Missionary Servants of the Most Holy Trinity

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Missionary Servants of the Most Holy Trinity (Missionary Servants) is a religious congregation of men in the Roman Catholic Church, whose headquarters is located in Silver Spring, Maryland. Its members are ordained priests and brothers who are full members of the community. Members engage in missionary work with the poor and abandoned in both the United States and Latin America. One of their principal aims is to promote the missionary vocation of the laity. They are also known for supporting the parish ministry and for promoting social justice. Presently, the Superior General is the Very Rev. John S. Edmunds, S.T.[1]

History[edit]

Foundation[edit]

Rev. Thomas A. Judge, C.M.,[2] helped thwe Missionary Servants preserve and spread the Catholic faith. Rev. Judge began gathering groups of lay people together in various places where he worked in the northeastern United States. It was from this group, today known as the Missionary Cenacle Apostolate, that the Missionary Servants of the Most Holy Trinity traces its origins. Rev. Judge also founded a community for women, called the Missionary Servants of the Most Blessed Trinity.

Governance[edit]

There is not a conventional governance, otherwise known as a superior general. He is assisted by the general council, which consists of a vicar-general and three general councilors. New leadership is elected every four years.[3] The members are governed according to the congregation's constitution.[4] The congregation is composed of 134 members, each of whom work and live in seven geographic regions. Unlike most Roman Catholic orders, the congregation is not organized in provinces.

Social mission[edit]

Across the United States, Mexico, and Puerto Rico, Missionary Servant priests and brothers are working in poverty-afflicted urban neighborhoods, immigrant communities, Native American reservations, and small towns in the rural South. In Costa Rica and Colombia, they serve communities of people living in towns and tropical rain forests. The priests and brothers serve as pastors, professors, lawyers, chaplains, and counselors.

Statistics[edit]

As of 2011, the Missionary Servants of the Most Holy Trinity has 134 members. The composition of the members is, as follows: 88 priests, 3 deacons (1 permanent and 2 transitional), 12 student brothers (men in the process of joining the priesthood), 25 brothers, and 6 novices.[5] The majority of members are from the United States, with remaining members from Colombia, Costa Rica, the Dominican Republic, El Salvador, Guatemala, Haiti, Honduras, Mexico, Nicaragua, Puerto Rico, and Venezuela.[5]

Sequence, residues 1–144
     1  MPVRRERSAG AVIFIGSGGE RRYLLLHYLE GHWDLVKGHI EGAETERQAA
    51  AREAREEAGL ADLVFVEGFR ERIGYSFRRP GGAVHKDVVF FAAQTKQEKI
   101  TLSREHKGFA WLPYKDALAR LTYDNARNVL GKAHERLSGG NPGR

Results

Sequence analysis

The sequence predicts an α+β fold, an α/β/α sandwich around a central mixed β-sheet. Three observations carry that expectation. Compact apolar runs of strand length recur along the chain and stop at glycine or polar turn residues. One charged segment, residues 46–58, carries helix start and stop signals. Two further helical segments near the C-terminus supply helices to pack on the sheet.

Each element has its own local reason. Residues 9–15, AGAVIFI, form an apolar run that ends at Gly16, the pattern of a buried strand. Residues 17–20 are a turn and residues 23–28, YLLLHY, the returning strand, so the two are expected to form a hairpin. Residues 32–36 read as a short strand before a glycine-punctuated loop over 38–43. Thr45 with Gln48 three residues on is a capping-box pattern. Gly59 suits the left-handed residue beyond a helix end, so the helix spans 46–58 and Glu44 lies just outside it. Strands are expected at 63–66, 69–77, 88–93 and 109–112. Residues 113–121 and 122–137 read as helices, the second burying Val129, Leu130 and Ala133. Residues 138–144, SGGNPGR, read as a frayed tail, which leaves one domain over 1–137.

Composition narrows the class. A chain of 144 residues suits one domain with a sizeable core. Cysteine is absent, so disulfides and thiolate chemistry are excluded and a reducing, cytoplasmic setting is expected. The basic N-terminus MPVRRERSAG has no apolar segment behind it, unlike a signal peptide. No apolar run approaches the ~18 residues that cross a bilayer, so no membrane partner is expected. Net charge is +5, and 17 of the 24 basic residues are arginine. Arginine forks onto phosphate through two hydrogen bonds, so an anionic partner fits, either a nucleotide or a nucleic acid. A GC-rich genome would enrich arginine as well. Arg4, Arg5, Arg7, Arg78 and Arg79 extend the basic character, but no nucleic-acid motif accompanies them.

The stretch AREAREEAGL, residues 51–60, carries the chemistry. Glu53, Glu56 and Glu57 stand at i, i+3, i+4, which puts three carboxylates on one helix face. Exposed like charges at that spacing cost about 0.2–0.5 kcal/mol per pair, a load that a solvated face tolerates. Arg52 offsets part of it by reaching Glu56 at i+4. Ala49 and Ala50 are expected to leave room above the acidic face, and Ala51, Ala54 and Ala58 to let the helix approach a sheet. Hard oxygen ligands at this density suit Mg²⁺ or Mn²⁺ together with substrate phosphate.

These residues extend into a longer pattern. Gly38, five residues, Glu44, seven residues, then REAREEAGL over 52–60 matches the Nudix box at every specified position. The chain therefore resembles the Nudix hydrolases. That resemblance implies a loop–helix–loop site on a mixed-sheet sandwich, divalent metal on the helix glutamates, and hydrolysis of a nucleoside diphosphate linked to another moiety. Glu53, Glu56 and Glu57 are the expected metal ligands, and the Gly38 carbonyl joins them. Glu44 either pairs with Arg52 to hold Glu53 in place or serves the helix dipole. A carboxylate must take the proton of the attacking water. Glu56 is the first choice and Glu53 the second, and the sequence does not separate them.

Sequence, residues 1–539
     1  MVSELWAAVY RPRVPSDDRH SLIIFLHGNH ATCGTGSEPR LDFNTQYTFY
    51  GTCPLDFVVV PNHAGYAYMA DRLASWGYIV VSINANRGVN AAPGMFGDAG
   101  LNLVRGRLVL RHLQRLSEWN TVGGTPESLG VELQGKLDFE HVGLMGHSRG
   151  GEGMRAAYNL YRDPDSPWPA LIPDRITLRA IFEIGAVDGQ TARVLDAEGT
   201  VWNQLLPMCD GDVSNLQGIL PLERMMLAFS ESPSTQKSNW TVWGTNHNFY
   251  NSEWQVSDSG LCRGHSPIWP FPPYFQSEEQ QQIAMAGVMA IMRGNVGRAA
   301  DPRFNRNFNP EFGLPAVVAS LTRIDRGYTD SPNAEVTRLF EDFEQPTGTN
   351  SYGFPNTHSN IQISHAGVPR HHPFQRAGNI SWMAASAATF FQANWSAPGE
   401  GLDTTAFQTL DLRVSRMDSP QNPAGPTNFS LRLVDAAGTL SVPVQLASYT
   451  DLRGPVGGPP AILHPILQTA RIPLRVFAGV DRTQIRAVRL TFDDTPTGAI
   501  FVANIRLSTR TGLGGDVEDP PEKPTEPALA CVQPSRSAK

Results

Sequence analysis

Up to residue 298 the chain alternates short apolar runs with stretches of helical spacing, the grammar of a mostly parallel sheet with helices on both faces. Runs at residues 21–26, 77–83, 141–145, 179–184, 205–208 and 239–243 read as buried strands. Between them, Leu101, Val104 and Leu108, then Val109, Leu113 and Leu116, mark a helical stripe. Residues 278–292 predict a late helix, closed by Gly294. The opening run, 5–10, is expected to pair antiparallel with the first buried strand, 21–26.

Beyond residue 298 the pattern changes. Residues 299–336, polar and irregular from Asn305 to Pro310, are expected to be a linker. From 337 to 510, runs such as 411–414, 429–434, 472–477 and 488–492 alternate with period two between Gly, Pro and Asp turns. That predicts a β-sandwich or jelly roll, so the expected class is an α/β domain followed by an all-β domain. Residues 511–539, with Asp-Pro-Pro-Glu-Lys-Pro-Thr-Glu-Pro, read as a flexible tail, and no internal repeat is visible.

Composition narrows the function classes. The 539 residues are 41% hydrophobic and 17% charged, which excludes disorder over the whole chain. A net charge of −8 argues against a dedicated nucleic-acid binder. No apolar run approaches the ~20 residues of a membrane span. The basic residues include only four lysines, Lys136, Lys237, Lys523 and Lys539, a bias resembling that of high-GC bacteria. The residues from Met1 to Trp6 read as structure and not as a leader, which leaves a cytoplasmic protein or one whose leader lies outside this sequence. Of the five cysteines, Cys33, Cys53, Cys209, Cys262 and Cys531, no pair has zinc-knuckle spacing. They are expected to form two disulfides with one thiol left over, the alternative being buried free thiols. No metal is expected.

Members serve in four nations on two continents, with the largest number in the U.S. Archdiocese of Mobile, Alabama; Diocese of Tucson, Arizona; Archdiocese of Los Angeles and Diocese of San Bernardino, California; Diocese of Pensacola-Tallahassee, Florida; Diocese of Savannah, Georgia; Diocese of Boise, Idaho; Diocese of Cleveland, Ohio; Archdiocese of Chicago, Illinois; Archdiocese of Baltimore, Maryland; Archdiocese of Washington, Washington, D.C.; Diocese of Biloxi and Diocese of Jackson, Mississippi; Archdiocese of Newark and Diocese of Paterson, New Jersey.

In Colombia, missions are found in the Archdiocese of Medellin and the Diocese of El Banco. In Costa Rica, parishes are located in the Archdiocese of San José and the Diocese of San Isidro de el General.

In Mexico, Missionary Servant missions minister in the Archdiocese of Mexico, Diocese of Texcoco, and Archdiocese of Tulancingo. In Puerto Rico, our members serve in the Diocese of Ponce and in the Diocese of Fajardo-Humacao. The average age is 55.3 years.[5]

Habit and dress[edit]

The Missionary Servant Habit consists of a black cassock closing at the right shoulder with three buttons, symbolizing the Holy Trinity, only with a military collar. The cincture has three tabs, representing the vows of poverty, chastity, and obedience. Sometimes a white habit is worn in warmer climates.

References[edit]

External links[edit]

Official website